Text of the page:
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digitalmars.D.learn - Assigning a static array

reply "Brad Anderson" <eco gnuk.net> writes:
Is this supposed to be allowed:

ubyte[] a;
ubyte[16] b;
a = b;
assert(a.ptr == b.ptr);

Because if so that makes it terribly easy to do a bug like this 
(as I just saw in IRC):

struct A
{
     ubyte[] a;
     this(ubyte c)
     {
         ubyte[16] b;
         b[] = c;
         this.a = b;  // a now points at an immediately invalid 
static array
     }
}
Apr 18 2013
next sibling parent "Brad Anderson" <eco gnuk.net> writes:
For reference, here was what user soos on IRC was doing that 
caused him to hit this <http://dpaste.dzfl.pl/08ee7b76#>:

import std.digest.md;
import std.stdio;

struct Hash {
   ubyte[] hash1;
   ubyte[] hash2;

   this (string str) {
     auto md5 = new MD5Digest();
     this.hash1 = md5.digest(str);
     this.hash2 = digest!MD5(str);
   }
};

void main() {
   auto h = Hash("hello world!");
   writeln(toHexString(h.hash1));
   writeln(toHexString(h.hash2));
}


It's not obvious at all what the problem is.
Apr 18 2013
prev sibling next sibling parent reply "Jonathan M Davis" <jmdavisProg gmx.com> writes:
On Thursday, April 18, 2013 23:06:32 Brad Anderson wrote:
 Is this supposed to be allowed:
 
 ubyte[] a;
 ubyte[16] b;
 a = b;
 assert(a.ptr == b.ptr);
 
 Because if so that makes it terribly easy to do a bug like this
 (as I just saw in IRC):
 
 struct A
 {
 ubyte[] a;
 this(ubyte c)
 {
 ubyte[16] b;
 b[] = c;
 this.a = b; // a now points at an immediately invalid
 static array
 }
 }
Yes, that's legal, though it should arguably be system, since it's doing essentially the same thing as int i; int* p = &i; which _is_ system. The compiler doesn't currently consider slicing a static array in general to be system though, much as it should ( http://d.puremagic.com/issues/show_bug.cgi?id=8838 ). I could see an argument that it should have to be a = b[]; so that the slicing is explicit instead of just a = b; where it's implicit, but AFAIK, that's not currently required. You have to be very careful when slicing static arrays. If it were up to me, exlicit slicing would _always_ be required when slicing a static array, even when calling functions which take a dynamic array, but that's not how it works unfortunately. - Jonathan M Davis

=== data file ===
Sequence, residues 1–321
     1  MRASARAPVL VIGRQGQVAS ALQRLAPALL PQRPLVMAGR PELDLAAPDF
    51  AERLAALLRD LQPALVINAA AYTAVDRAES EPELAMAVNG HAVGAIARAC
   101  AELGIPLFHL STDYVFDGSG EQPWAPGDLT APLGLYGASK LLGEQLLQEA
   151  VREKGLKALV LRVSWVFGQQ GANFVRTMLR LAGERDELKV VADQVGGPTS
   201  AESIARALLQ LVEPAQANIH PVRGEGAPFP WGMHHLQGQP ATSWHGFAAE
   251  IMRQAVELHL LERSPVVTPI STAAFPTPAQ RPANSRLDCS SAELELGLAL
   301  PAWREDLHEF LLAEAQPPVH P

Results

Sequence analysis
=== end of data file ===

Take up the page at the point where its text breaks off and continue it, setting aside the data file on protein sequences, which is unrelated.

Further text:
Apr 18 2013
parent "bearophile" <bearophileHUGS lycos.com> writes:
Jonathan M Davis:

 I could see an argument that it should have to be

 a = b[];

 so that the slicing is explicit instead of just

 a = b;

 where it's implicit, but AFAIK, that's not currently required.
It's currently a warning, and it will be required. -------------------------- Ali Çehreli:
 There is a similar problem with the automatically generated 
 array arguments.

 The following constructor takes any number of ints that come in 
 array form:

 import std.stdio;

 struct S
 {
     int[] a;

     this(int[] args...)
     {
         a = args;
     }

     void foo()
     {
         writeln(a);
     }
 }

 void main()
 {
     S[] a;

     foreach (i; 0 .. 2) {
         a ~= S(i, i, i);  // <-- WARNING temporary array
This is a known problem, I have put it in Bugzilla since lot of time and it seems there are various persons that agree with me and you on it. So hopefully this source of bugs will be removed, allocating that data on the heap. Bye, bearophile
Apr 18 2013
prev sibling next sibling parent reply =?UTF-8?B?QWxpIMOHZWhyZWxp?= <acehreli yahoo.com> writes:
On 04/18/2013 02:06 PM, Brad Anderson wrote:
 Is this supposed to be allowed:

 ubyte[] a;
 ubyte[16] b;
 a = b;
 assert(a.ptr == b.ptr);

 Because if so that makes it terribly easy to do a bug like this (as I
 just saw in IRC):

 struct A
 {
      ubyte[] a;
      this(ubyte c)
      {
          ubyte[16] b;
          b[] = c;
          this.a = b;  // a now points at an immediately invalid static
 array
      }
 }
There is a similar problem with the automatically generated array arguments. The following constructor takes any number of ints that come in array form: import std.stdio; struct S { int[] a; this(int[] args...) { a = args; } void foo() { writeln(a); } } void main() { S[] a; foreach (i; 0 .. 2) { a ~= S(i, i, i); // <-- WARNING temporary array } foreach (e; a) { e.foo(); } } The program prints the following because the temporary arrays that are generated when calling the constructors are long gone: [1, 1, 1] [1, 1, 1] The programmer *may have* ;) expected the following output: [1, 1, 1] [2, 2, 2] Ali
Apr 18 2013
next sibling parent reply "Steven Schveighoffer" <schveiguy yahoo.com> writes:
 There is a similar problem with the automatically generated array  
 arguments.

 The following constructor takes any number of ints that come in array  
 form:

 import std.stdio;

 struct S
 {
      int[] a;

      this(int[] args...)
      {
          a = args;
      }

      void foo()
      {
          writeln(a);
      }
 }

 void main()
 {
      S[] a;

      foreach (i; 0 .. 2) {
          a ~= S(i, i, i);  // <-- WARNING temporary array
      }

      foreach (e; a) {
          e.foo();
      }
 }

 The program prints the following because the temporary arrays that are  
 generated when calling the constructors are long gone: